GFC – is the G, still Global or now Government?

GFC – is the G, still Global or now Government?

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Much has been written and spoken about the Global Financial Crisis (GFC) where it now appears that the ‘Global’ has been superseded by Governments in crisis. In Australia it is a calamity at both Federal and State levels – (all will be explained later). In modern day speak, our elected governments are now on margin calls where debt ratios have fast exceeded income streams – political policies without pertinent planning? Rolling back budget deficits will inevitably lead to increased new taxes – but then again The Emperor (Kevin Rudd) told us that after all, he is an “economic conservative”.

At the very heart, we have the much publicised economic stoush between the Reserve Bank of Australia (RBA) and Treasury. It should also be noted that the major banks will now override RBA economic policy and collectively set their cash rates. This fundamentally diminishes the once integral role of our central bank. Watch the argy bargy in coming months although it has become blatantly obvious that the banks will outpace RBA cash rate increases – our political piggies will go screaming all the way to the (electoral) markets.

Mosman’s maritime marina captured by Tim Mooney Photography

www.timmooneyphotography.com

The Emperor – our economic Master Chef was at odds with his Apprentice Chef (Wayne Swan) – not to be confused with The Apprentice (different television stations). The Apprentice Chef was busily watering down suggestions that the RBA was at odds with Treasury over the correct economic recipe for Australia. Highlighting a nutritious recipe of economic ingredients, the Apprentice Chef described the tensions as “healthy debate”. The Emperor weighed in and advised that his fiscal stimulus was actually on Auto Chef, as it has an in-built accelerator and a decelerator to cope with shifts in the economy. Whilst nobody on the planet has ever heard of such ingenious economic rationale – one can only hope that this is not a recipe for disaster – as we all know who then foots the bill!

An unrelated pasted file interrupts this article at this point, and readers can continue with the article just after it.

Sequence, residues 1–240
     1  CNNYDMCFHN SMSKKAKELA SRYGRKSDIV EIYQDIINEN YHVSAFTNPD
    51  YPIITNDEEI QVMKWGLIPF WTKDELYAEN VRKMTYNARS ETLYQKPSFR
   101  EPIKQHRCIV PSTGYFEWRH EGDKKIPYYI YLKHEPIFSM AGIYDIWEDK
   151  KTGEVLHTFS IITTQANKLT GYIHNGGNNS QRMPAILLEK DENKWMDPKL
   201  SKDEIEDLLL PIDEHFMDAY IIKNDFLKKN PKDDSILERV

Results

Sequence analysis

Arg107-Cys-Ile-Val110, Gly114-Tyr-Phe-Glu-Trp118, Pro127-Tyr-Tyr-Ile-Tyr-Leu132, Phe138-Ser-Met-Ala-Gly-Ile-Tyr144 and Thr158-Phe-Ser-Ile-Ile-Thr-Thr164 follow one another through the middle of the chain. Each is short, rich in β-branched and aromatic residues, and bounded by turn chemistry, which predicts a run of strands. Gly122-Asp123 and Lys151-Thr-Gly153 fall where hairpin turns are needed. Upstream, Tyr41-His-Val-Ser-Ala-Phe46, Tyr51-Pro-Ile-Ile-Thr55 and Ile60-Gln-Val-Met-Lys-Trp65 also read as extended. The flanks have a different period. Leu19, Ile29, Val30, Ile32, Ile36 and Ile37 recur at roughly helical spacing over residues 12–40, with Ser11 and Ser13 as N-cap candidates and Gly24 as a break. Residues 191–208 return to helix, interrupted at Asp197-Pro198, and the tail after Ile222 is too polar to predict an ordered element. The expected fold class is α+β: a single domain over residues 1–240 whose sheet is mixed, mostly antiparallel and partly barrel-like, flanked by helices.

Our real estate markets are now Fort Fumble’s (Federal Government) other recipe for disaster as the 7.30 Report pointed out this week “Australia’s population rising steeply”. Australia’s population is up 2.1 per cent in the year to March, the greatest growth in almost 40 years. To meet demand, we have to build a minimum of 200,000 houses by Christmas next year – and that won’t happen (especially if Fort Fumble increases taxes). Although I did have a chuckle when I read yesterday that Treasury Secretary, Ken Henry, said that reduced budget surpluses due to the global financial crisis could limit the implementation of some reforms to the tax structure. No doubt the growing interest payments on his stimulus (now deficit) are now a major concern. So the Head Teller at the RBA is at loggerheads with the Head Spender over at Treasury. This was always going to happen with the stimulus progressively moving into an upwardly spiralling budget deficit.